Vol. 1 2 â€˘ Sept./201 5
selected literature with illustrations
Sad Love Letter for Chris Evans by Maria Ng
Chris Evans forgot to save the world the other day. He left us hanging by Liberty's torch. Went to the movie theater to forget that Tumblr existed. Watched the Avengers and wondered what the girl with the iPhone was doing. Looking at Chris Evans standing in front of a sparkly GIF with those patriotic biceps. I don't even like gym sweat.
But I was told a man should be tall and able to hold me and become my cradle. Feed me all of your power. More popcorn for the mouths of the poor instead of populating illuminated theater carpets. Every form of art has a contradiction just like the human race, and it is beautiful. Captain America is my favorite myth. Luscious shampooed locks and clothed in imperial stripes.
Squeezing our hands for an extra dollar. I am the many languages and flesh colors that stain the flag. But white-washed with red blood and blue tears. And then I'm choking up English. Decolonize my heart Chris Evans. I know you're incapable of doing that.
His Fortress Was a Faithful Heart by Robert Leeming
The flickering outdoor light cast a milky pattern across the garden pond Oonagh had dug on her forty-fifth birthday. Michael stared at the water and remembered the dirt piling up beside the wooden deck chair he had sat in while she worked. Oonagh had the habit of making household rearrangements to mark milestones. On her fortieth birthday she had smashed through a partition wall to open up the dining and sitting rooms and on her fiftieth she had uprooted several conifer trees that had grown so tall they blocked out the sun for the majority of the day. He’d objected to the pond, he’d objected to chopping the trees down. He’d become unforgivably objectionable after he stopped working at the RAF base at Cogley Wood, and he had dragged his feet mercilessly as she hacked away at the tree trunks. “Why don’t you go a little easy,” Michael had shouted at
her, “you’re fifty now, you’re not as young as you used to be.” “If it wasn’t for me,” she said, breaking to breathe after each swing, “nothing would change around here.” The fact that he could gaze out across the garden to the Robinson place, the fact that he could sit and watch people come and go from the Horse and Jockey pub, the fact that he could make note of the changing seasons, the maypole in the summer, the lighting of the tree in winter, this was her gift of openness to him. Chopping those trees down had kept him connected to the world when he most wanted to be out of it. “To accept the immediacy of death is the only way to overcome anxiety,” she would say. And, “To grow nightingale roses on the eastern side of a garden is to open up your life to a host of secrets,” among other such maxims that were not very serviceable for reality, but certainly worth bearing in mind for the next world. Michael still hated it when people sang ‘Jerusalem’ at weddings, everybody likes the tune but the words are hardly fitting and although they really belted it out on that summer’s day in 1 952, he couldn’t help but cringe at the memory.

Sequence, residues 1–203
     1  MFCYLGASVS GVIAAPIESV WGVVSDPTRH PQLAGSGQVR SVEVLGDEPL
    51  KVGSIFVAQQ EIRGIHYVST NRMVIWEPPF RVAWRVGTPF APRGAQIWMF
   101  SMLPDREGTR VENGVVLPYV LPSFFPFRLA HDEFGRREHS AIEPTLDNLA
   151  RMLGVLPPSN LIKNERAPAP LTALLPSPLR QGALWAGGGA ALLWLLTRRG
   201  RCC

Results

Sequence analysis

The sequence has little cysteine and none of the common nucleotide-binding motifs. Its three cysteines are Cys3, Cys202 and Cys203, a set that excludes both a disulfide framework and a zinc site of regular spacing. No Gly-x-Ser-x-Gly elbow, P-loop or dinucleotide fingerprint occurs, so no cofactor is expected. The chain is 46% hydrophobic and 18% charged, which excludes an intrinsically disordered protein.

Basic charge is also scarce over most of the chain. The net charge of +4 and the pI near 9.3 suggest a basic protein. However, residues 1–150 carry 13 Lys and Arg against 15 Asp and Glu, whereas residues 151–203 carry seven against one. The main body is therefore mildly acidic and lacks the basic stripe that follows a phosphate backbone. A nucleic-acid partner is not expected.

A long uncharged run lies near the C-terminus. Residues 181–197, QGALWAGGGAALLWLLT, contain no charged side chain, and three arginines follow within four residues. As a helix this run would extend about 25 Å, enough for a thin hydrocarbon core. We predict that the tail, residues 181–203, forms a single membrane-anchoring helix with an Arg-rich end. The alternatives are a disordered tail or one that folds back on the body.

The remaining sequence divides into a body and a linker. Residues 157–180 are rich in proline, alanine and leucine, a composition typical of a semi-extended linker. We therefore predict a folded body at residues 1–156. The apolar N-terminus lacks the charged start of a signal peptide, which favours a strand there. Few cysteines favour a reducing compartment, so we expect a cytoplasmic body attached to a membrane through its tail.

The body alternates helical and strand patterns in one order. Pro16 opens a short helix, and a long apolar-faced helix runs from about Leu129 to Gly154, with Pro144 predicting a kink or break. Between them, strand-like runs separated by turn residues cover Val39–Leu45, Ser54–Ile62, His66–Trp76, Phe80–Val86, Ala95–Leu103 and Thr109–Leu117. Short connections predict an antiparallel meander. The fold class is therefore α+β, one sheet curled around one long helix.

Although her countenance was divine, the holy city paled in comparison to the passion Oonagh would bring forth every Sunday night, down by the beach, with the leaky roof and the jet planes from Cogley Wood roaring overhead. Miraculous moments come and go, in the blink of an eye, and then, the miracle done, you are left to wonder if it was just a predetermined certainty for which you were made to wait a little longer than you were entirely comfortable. Oonagh saw the world in Michael and the generational backand-forth continued until probability conspired that they chop down the trees together, and she looked back at him from amongst the fallen wood, the world opening up before him again, as time proved his heart faithful, and she told him about the changes.
Piazza d'Italia by Mark Young
The rebellion of the trains has become more widespread. They dawdle in the open air, leave their tracks & take to the parks & other open spaces, stopping often to smell the flowers or to pet small animals. In the tunnels they now insist on being preceded by pipe bands, & drum majorettes twirling flaming torches. Fast-food outlets have become the new stations, as the trains take advantage of such offers as the free 1 .25 liter bottle of Pepsi when they buy an additional cheeseburger along with the standard whopper burger & fries. They pay in coins of coal, notes of diesel, & deign to take on more passengers only after a siesta has aided their digestion. Even then the trains will let the passengers board only after they've signed one of the many petitions they have circulating. The nature of the latest is a demand that the voting age be lowered to four carriages.
by Jahnavi Delmonico Waiting for the cat to come out so the children can see her, their pitchy voices strong as weather They don't want to go until they've seen her, waiting for the cat to divulge her tiny afternoons her sifted-flour shoulders and her clean mechanics She swept herself under the couch at the first squall that crossed her tender wires with notes of applesauce and crusty sleeves The children wait and are not quiet, unhinged apostles at her gate offering clumsy oblations nervous and dangerous I send them home
Waiting for the cat to come out In my slippers and shawl So that the open window can smell her So that the quiet can embellish her So that the simple night can feed her
my body feels like bread pudding by Chris Drew
i am soft and warm there are raisins buried in my flesh spoons of sugar on my neck i am meant to be cut into servings put in pieces on a saucer beside coffee and cream covered and kept overnight
September 2015 Contributors: Maria Ng Robert Leeming Mark Young Jahnavi Delmonico Chris Drew